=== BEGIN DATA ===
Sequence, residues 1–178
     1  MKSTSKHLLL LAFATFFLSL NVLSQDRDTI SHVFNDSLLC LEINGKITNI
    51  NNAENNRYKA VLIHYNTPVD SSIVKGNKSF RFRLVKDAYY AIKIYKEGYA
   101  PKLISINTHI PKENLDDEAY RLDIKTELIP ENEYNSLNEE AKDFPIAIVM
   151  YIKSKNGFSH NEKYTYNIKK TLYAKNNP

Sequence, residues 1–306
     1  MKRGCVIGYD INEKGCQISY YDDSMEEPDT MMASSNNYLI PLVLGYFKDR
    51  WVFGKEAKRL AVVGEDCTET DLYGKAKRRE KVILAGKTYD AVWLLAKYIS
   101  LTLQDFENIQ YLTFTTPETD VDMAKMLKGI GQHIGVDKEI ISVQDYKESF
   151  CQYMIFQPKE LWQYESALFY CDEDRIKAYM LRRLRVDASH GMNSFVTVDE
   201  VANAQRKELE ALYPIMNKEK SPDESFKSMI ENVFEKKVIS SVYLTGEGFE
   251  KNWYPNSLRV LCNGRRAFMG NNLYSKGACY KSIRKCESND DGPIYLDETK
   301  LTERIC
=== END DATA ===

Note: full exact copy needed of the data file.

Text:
Sequence, residues 1–178
     1  MKSTSKHLLL LAFATFFLSL NVLSQDRDTI SHVFNDSLLC LEINGKITNI
    51  NNAENNRYKA VLIHYNTPVD SSIVKGNKSF RFRLVKDAYY AIKIYKEGYA
   101  PKLISINTHI PKENLDDEAY RLDIKTELIP ENEYNSLNEE AKDFPIAIVM
   151  YIKSKNGFSH NEKYTYNIKK TLYAKNNP

Sequence, residues 1–306
     1  MKRGCVIGYD INEKGCQISY YDDSMEEPDT MMASSNNYLI PLVLGYFKDR
    51  WVFGKEAKRL AVVGEDCTET DLYGKAKRRE KVILAGKTYD AVWLLAKYIS
   101  LTLQDFENIQ YLTFTTPETD VDMAKMLKGI GQHIGVDKEI ISVQDYKESF
   151  CQYMIFQPKE LWQYESALFY CDEDRIKAYM LRRLRVDASH GMNSFVTVDE
   201  VANAQRKELE ALYPIMNKEK SPDESFKSMI ENVFEKKVIS SVYLTGEGFE
   251  KNWYPNSLRV LCNGRRAFMG NNLYSKGACY KSIRKCESND DGPIYLDETK
   301  LTERIC